Despite its potential, for many consumer researchers, web scraping is not a methodology they can consider. Heretofore, this remains an untapped opportunity, a black box. One reason: There are few standards or uniform methods to evaluate web scraping research. With little consensus, we researchers are, as James Madison put it, “…in a wilderness without a single footstep to guide us.” This data is very different from that generated from conventional, consumer research methods. Furthermore, the current literature is insufficient in describing the decision-making and judgment calls required in the process of web scraping. This makes it difficult to replicate methods or compare findings.
The internet plays an increasingly central role in consumers’ daily lives. Every second, consumers create terabytes of data containing rich information about their opinions, preferences and consumption choices. The massive volume and variety of consumers’ digital footprints present many opportunities for researchers to examine and test theories about consumer processes and behaviors in the field.
In this paper, Johannes Boegershausen, Abhishek Borah and Andrew Stephen outline the key challenges, state-of-the-art remedies, best practices and corresponding standards for evaluation for web scraping in consumer research. They provide a structured workflow designed to achieve a sufficient level of consistency and standardization with respect to how web scraping is conducted, documented, reported and evaluated in both the research and peer review processes.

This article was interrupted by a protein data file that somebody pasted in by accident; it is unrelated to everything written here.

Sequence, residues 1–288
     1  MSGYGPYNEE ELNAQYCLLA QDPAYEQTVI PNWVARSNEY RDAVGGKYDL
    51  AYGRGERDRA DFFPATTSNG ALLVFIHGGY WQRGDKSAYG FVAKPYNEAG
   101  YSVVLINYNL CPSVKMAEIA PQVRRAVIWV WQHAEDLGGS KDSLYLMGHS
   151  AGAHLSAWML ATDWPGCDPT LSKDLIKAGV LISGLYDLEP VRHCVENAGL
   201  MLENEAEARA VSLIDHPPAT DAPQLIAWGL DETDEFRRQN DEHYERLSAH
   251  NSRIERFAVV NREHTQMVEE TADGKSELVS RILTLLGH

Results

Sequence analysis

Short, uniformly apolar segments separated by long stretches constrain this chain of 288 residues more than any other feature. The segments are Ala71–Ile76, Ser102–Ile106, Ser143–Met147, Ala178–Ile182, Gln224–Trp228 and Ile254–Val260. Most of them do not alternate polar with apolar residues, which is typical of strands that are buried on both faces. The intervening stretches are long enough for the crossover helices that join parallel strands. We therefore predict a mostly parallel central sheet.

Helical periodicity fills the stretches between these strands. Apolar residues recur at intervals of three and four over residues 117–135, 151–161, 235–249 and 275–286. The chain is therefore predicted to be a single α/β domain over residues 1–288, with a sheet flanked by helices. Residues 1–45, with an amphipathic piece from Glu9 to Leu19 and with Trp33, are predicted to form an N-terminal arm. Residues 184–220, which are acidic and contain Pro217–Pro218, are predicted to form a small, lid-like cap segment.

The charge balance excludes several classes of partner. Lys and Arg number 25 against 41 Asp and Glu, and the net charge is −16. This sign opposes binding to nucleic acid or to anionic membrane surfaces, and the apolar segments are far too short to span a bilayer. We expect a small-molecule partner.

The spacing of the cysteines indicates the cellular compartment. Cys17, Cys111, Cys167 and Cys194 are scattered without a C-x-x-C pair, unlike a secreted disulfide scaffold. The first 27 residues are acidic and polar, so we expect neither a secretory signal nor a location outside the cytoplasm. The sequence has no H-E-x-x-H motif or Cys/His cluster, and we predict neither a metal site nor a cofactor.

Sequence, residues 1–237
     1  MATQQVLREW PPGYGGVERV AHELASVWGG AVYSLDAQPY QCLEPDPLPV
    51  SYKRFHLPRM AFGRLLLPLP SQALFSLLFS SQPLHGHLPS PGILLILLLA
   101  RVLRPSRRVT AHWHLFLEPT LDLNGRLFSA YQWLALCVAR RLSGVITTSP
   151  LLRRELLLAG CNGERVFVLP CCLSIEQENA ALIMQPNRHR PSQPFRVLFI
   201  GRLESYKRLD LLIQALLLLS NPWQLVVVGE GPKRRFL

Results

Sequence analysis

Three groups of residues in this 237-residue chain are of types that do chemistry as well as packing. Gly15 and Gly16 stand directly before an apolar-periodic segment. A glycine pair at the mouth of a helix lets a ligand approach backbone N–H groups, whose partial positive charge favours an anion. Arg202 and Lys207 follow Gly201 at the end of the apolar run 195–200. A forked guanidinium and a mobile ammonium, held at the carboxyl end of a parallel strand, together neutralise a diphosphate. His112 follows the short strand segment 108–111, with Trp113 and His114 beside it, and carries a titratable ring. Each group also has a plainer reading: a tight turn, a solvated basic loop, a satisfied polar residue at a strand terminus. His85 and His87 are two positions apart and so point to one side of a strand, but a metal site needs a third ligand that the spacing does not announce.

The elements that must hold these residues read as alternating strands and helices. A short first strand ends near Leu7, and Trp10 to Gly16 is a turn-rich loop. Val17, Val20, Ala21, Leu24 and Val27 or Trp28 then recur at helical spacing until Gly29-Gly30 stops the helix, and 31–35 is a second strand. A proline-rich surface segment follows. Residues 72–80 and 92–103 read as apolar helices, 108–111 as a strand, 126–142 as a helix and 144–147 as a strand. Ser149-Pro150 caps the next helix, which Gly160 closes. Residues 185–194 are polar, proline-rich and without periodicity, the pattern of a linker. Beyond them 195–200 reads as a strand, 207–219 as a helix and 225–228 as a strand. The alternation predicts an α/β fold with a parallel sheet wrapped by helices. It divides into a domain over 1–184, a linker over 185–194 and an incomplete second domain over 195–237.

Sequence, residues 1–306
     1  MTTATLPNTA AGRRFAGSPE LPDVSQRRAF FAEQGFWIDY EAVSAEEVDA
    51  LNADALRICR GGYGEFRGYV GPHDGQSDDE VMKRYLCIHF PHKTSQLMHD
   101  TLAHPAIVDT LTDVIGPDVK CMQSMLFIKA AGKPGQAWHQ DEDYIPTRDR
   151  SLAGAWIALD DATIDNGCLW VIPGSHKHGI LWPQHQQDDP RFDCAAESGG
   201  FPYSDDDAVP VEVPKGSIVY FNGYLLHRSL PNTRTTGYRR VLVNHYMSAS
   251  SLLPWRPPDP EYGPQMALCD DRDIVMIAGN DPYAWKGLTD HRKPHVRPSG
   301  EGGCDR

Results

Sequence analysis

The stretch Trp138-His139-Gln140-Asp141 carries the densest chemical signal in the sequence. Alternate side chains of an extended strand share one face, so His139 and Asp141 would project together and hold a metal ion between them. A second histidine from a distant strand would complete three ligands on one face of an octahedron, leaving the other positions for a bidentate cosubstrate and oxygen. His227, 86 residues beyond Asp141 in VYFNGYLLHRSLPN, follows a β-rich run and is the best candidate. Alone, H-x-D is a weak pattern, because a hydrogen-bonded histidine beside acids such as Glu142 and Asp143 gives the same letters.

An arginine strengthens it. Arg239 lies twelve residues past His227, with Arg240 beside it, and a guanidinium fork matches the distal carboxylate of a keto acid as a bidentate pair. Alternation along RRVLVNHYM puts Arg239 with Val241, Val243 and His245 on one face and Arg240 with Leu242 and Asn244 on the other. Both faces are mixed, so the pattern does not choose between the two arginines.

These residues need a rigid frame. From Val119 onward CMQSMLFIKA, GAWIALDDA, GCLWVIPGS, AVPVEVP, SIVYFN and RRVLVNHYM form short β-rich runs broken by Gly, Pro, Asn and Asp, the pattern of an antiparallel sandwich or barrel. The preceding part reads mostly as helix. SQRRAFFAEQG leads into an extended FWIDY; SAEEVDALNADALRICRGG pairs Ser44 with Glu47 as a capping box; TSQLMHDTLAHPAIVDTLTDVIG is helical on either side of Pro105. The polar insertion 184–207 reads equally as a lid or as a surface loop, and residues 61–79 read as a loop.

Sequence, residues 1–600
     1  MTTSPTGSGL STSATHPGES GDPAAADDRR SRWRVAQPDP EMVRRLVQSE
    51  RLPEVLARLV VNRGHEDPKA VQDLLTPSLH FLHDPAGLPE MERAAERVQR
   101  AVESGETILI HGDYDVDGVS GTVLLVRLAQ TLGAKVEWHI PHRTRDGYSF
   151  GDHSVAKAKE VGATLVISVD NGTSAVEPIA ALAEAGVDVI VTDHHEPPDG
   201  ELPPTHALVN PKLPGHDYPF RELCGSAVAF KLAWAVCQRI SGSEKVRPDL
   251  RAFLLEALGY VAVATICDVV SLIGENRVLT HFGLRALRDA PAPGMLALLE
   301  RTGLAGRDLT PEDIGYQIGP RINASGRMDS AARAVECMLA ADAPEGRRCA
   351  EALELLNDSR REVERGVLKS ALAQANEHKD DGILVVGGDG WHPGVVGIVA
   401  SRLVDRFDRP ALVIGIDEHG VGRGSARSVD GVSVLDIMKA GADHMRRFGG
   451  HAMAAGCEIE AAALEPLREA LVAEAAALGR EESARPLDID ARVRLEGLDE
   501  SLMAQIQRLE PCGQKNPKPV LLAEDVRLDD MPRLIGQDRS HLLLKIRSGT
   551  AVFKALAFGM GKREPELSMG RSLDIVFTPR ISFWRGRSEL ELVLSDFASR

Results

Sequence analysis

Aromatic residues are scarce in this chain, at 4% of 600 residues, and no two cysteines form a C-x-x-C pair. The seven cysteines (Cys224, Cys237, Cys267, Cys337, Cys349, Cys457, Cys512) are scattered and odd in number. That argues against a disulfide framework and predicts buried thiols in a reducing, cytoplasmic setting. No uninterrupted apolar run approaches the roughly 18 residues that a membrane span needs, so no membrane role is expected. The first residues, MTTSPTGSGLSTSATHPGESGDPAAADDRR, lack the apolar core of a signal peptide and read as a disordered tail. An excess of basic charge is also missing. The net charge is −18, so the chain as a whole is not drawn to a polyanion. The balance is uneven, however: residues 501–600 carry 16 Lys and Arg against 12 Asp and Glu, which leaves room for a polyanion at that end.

The authors propose four interdependent facets necessary for generating credible, scientific findings from web scraping research:
The structured workflow outlined offers a pathway for generating interesting, impactful and credible consumer research findings. This allows more researchers to embrace web scraping as an avenue for producing timely and credible scholarly knowledge about consumer behavior.
Read the working paper here.
How does the ARF select topics to research? Our foundation utilizes a democratic, 401K approach, allowing member organizations to vote with their dollars on what areas of research funding is allocated to. All projects are concentrated into seven topic areas: cross-platform, ROI and attribution, leveraging data, consumer attitudes, advertising creative, teams and talent and future states (driven by tech changes/social changes).
2020 was such a tumultuous year, it begs for an ARF research agenda that that helps members navigate the now and the future. Paul Donato, ARF CRO.
In order to keep membership abreast of the current research agenda, we have compiled this year’s list, with descriptions of each project, available for download below. Those of particular note include, The Study of Device and Account Sharing, Brand Loyalty & Lifetime Value, How Did Brands Handle 2020, the ARF Podcast Series and an eBook entitled: WOW! The Wit and Wisdom of Erwin Ephron.
See the agenda here.